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    It is not your qualifications that are the problem - it's your address . How about relocating ?

    In UK there are still many companies that have graduate apprenticeship schemes for engineers .




    Search on 'graduate apprenticeship schemes UK' will return a long list of others .
  7. Mar 20, 2016 #6
    These are not apprenticeships, and their entry requirements will more than likely specify an engineering degree.
  8. Mar 21, 2016 #7


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    Well that's incredibly vague. Most engineering job ads are pretty specific ie Must have X years experience in XXXX industry with a focus on XXXXX and familiarity with ISO standards XXXX and test procedures XXXXX. Must be proficient with XXXX & XXXXX software and XXXXX & XXXXX hardware etc etc
    IME most engineering companies are much more interested in skills than qualifications, an average engineering job ad might have one single line on qualification requirements and paragraphs on skill requirements, and almost all of those skills can only be learnt in the workplace. You are already gaining actual engineering experience at your current job, you don't know exactly what the job you want requires so who's to say going back to university is even taking a step forwards? The opportunity loss could mean a step backwards.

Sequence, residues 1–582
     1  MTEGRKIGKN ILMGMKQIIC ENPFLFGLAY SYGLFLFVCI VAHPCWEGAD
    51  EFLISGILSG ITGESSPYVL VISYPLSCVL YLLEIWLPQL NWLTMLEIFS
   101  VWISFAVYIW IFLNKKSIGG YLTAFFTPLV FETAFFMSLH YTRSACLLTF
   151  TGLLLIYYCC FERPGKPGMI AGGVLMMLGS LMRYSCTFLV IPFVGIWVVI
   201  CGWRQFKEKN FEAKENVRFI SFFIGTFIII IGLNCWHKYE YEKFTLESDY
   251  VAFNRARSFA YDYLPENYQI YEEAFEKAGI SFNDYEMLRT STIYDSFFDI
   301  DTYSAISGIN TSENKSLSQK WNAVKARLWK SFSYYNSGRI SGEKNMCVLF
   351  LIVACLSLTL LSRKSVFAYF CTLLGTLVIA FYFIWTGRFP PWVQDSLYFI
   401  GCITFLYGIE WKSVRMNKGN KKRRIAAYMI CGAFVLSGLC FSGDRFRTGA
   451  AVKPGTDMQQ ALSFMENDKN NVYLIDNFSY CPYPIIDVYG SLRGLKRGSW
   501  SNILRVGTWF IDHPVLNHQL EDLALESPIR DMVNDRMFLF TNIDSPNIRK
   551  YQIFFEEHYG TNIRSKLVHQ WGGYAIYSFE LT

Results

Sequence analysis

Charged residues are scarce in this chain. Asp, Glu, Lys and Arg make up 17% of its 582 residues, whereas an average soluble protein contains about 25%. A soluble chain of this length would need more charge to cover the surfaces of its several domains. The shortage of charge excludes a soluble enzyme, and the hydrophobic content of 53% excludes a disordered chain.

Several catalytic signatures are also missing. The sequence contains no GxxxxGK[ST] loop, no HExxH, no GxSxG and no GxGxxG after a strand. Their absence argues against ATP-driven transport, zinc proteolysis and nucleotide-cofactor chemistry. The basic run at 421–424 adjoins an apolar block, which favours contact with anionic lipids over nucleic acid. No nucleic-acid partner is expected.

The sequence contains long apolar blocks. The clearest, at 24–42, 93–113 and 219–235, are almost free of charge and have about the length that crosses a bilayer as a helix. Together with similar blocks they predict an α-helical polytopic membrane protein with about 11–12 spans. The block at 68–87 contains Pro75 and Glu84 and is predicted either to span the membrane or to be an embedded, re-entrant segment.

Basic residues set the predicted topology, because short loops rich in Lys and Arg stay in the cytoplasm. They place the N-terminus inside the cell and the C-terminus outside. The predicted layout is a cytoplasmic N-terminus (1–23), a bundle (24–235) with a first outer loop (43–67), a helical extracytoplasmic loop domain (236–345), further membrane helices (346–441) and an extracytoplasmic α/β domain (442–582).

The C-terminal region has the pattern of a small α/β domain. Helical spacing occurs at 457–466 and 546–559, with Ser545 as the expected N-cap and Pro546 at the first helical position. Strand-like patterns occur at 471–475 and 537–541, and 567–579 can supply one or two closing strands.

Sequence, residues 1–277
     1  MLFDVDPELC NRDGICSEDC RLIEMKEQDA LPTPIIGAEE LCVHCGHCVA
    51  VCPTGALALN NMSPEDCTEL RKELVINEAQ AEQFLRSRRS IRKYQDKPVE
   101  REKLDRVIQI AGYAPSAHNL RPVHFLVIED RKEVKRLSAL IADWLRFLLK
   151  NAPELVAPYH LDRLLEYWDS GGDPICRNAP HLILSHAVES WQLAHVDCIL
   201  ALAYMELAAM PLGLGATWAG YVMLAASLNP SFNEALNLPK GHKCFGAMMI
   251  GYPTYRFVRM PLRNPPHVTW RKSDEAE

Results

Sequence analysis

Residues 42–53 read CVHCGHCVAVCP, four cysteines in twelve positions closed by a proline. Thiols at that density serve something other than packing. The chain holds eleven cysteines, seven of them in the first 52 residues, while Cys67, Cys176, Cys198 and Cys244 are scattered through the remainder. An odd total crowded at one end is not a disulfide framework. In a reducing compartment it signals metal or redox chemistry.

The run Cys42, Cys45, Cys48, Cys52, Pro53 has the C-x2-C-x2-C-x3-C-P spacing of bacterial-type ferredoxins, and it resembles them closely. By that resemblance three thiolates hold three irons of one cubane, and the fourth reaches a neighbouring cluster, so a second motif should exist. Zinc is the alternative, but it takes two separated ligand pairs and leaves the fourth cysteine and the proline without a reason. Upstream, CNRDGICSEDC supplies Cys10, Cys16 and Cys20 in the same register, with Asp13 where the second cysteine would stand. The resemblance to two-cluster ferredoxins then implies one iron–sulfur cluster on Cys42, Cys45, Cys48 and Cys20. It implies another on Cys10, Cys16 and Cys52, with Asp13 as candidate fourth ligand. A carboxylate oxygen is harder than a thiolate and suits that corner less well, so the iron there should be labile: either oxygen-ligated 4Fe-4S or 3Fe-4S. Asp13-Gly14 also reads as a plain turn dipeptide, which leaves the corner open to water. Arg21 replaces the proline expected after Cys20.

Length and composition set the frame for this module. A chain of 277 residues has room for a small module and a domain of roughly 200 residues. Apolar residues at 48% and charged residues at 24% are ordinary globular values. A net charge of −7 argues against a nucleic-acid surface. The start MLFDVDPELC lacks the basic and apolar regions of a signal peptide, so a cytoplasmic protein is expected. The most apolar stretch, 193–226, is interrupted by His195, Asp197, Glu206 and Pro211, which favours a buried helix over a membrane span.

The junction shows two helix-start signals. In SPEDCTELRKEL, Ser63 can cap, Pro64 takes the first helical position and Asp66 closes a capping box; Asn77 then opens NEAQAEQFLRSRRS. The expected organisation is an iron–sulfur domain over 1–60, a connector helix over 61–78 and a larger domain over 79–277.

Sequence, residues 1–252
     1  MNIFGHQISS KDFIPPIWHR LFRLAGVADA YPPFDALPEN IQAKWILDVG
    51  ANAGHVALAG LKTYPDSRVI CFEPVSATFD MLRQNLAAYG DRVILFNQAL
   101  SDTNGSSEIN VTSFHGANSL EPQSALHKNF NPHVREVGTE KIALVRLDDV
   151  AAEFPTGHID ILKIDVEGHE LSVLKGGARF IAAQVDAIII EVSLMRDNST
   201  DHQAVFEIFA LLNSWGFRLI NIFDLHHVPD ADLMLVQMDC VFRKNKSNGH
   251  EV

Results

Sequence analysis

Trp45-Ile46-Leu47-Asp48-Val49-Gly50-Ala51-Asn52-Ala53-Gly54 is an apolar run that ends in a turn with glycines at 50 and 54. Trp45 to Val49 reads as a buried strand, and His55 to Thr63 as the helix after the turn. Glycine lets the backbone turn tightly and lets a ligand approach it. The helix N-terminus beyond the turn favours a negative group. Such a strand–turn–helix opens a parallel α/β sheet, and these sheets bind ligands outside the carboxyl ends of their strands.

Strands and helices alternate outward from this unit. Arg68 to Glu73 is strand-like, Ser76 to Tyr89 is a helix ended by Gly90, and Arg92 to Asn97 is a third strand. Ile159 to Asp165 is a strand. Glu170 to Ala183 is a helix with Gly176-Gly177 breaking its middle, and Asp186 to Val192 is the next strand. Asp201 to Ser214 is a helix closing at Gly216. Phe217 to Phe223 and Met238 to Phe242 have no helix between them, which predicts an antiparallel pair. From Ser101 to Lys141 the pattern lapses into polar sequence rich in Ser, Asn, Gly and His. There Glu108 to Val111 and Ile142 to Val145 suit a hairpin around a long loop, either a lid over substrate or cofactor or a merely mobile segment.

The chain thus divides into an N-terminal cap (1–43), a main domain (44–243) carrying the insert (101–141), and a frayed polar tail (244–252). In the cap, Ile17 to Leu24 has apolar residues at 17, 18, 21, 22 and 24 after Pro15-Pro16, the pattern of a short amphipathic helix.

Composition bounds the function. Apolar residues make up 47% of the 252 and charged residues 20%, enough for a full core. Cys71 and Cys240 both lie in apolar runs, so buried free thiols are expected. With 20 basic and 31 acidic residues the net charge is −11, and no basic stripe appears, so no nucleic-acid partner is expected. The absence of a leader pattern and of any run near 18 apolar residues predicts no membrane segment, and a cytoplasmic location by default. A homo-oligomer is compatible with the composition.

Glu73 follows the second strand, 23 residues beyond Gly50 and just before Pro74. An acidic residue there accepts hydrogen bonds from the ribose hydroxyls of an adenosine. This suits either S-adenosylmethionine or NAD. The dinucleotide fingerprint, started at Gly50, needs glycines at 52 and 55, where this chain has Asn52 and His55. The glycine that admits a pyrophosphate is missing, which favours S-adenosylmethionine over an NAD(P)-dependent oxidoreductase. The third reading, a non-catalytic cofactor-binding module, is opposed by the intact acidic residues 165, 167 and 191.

Well, are they even relevant to your prefered career path? I just used those as examples, the point is to:

    Why not at least look at the links instead of dismissing them off the bat?
    From the first link I clicked on:
    ""To join us on the GDF you must have a minimum of a 2:1 bachelors degree. This can be in any subject for our business opportunities and must be in an engineering, numerical or scientific subject for our engineering positions""
    While the term "apprenticeship" is more often used for trades (electrician, fitter/turner, carpenter etc) it is still also used for professional engineering graduate programs.
  9. Mar 21, 2016 #8
    I'm not dismissing them off the bat, just trying to inject some realism. These positions are the most competitive ones due to the huge numbers that apply to them - they're the first stop for virtually all engineering graduates seeking engineering work after graduation, in my experience. And whilst the odd one or two might be open to more than just engineering graduates, you'll probably find, as I did, that the vast majority want an engineering degree, and preferably an MEng too so that they can put you through your chartership.

    Given that the OP has some experience, but not the correct paperwork, I would think the OP would have better success trying to leverage his/her experience to move into another position of the same level than start out on a graduate scheme. In fact very few of these graduate schemes are open for applications at the moment anyway (they typically open in September/October time to start the following summer/autumn).